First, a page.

Who is most victimized by corporate tax avoidance tactics? The public, of course. Not too many years back, California faced budget crises for many years. The state had to cut health-care programs, cut services to the disabled, and raise tuition at state universities. When America’s most profitable companies pay less in federal income taxes, the general public has to bear a greater tax burden. Ordinary taxpayers’ main income sources are salaries and investments that are automatically reported to the Internal Revenue Service. It is a zero sum game: Giving tax breaks to some means forcing others to pay more than they otherwise would have to. The government must collect enough tax revenue to meet its obligations. Sen. Levin has stated, “American working families who pay their share of taxes understand how offshore tax loopholes raise their tax burden.” Additionally, tax avoidance by corporations adds to the federal deficit. And the current tax system is unfair to domestic companies; they can’t avoid paying taxes because they can’t hide profits overseas.

The solution lies in overhauling the obsolete and unfair tax code. The responsibility for this is solely within domain of U.S. Congress. During the Apple Senate hearing, Sen. McCain faulted Congress for not simplifying the tax code.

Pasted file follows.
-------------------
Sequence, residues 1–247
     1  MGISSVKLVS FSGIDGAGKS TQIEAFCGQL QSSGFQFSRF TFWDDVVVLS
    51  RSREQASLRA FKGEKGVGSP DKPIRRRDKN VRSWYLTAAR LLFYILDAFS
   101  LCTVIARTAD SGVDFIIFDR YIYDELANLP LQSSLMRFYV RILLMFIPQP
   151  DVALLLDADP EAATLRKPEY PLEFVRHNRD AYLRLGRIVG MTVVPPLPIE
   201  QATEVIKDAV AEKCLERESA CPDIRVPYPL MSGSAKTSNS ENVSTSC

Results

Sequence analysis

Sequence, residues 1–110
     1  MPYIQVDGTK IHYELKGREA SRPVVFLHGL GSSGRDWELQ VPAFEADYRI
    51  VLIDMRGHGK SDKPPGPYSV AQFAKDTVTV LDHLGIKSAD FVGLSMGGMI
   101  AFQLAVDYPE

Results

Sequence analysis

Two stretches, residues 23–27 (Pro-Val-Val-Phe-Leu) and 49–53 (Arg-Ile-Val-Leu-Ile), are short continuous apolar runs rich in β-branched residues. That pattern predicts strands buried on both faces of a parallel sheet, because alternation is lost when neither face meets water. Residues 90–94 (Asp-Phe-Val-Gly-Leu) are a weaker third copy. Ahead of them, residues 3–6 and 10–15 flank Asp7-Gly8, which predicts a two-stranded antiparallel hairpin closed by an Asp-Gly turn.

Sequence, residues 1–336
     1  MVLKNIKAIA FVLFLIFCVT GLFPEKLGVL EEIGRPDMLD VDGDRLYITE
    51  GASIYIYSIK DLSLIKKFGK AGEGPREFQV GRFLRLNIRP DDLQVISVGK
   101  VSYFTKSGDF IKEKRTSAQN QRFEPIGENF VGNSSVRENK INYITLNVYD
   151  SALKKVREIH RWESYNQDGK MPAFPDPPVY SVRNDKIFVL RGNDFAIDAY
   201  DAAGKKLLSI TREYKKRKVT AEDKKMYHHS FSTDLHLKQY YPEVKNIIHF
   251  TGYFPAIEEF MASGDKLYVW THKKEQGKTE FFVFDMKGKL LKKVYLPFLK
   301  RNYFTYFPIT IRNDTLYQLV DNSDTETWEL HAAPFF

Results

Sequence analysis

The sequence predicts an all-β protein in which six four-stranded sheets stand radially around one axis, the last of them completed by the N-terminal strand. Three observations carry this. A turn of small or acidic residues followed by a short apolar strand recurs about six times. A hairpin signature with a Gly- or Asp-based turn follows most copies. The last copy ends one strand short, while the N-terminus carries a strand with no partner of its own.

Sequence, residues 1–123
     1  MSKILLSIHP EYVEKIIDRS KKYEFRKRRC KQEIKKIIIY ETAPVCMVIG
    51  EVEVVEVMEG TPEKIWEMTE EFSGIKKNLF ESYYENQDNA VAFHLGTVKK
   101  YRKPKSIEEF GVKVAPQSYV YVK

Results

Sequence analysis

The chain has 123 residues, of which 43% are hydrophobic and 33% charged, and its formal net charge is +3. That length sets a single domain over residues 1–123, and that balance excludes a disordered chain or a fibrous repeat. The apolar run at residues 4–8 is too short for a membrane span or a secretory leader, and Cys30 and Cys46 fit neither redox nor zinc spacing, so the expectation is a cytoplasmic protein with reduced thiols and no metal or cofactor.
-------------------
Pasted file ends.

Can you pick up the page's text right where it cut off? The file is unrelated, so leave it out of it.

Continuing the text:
“This problem is solely created by the awful tax code,” Sen. Rand Paul said. “Congress should be on trial.”

Many questions arise. Why has it not been done already? Why is nothing being done now? Why has the process not even started yet? The only plausible explanation is that there is little, if any, political advantage. The tax reform process would be long and time consuming, requiring a lot of tedious work. It’s hardly a sexy topic for grabbing headlines. It’s highly unlikely that cable news channels would invite participating legislators to comment on the progress made during news programs. And there’s potential for a great loss. The big business collectively puts hundreds of millions of dollars in politicians’ war chests to finance their political campaign. From their perspective, it’s not worth taking the risk of displeasing them. Does it make sense? Apparently, it makes perfect sense to the politicians.

Corporate tax avoidance adversely affects every community in the country in one or more ways. Locally, due to shrinking state funding in many recent years, Cal Poly students have had to pay higher tuition, the faculty didn’t receive any pay raises for many years, and, to add insult to injury, for several years they were forced to take furloughs. Even operating hours of the Kennedy Library had to be cut. This one example illustrates that an institution of higher learning, preparing future leaders of this country, had no choice but to curtail its academic activities and services. Such measures can only have a negative effect on the quality of education for students.

Additionally, many cities in the county were unable to afford necessary infrastructure repairs and replacements. In many cases, the residents passed measures to increase taxes to partially cope with funding shortfalls.


Zaf Iqbal is past associate dean and professor emeritus of accounting at Cal Poly’s Orfalea College of Business. He volunteers with several nonprofit organizations, including Wilshire Hospice, Good Neighbor Program, and Child Development Resource Center of the Central Coast. He’s past president of the San Luis Obispo Democratic Club. Send comments to the executive editor at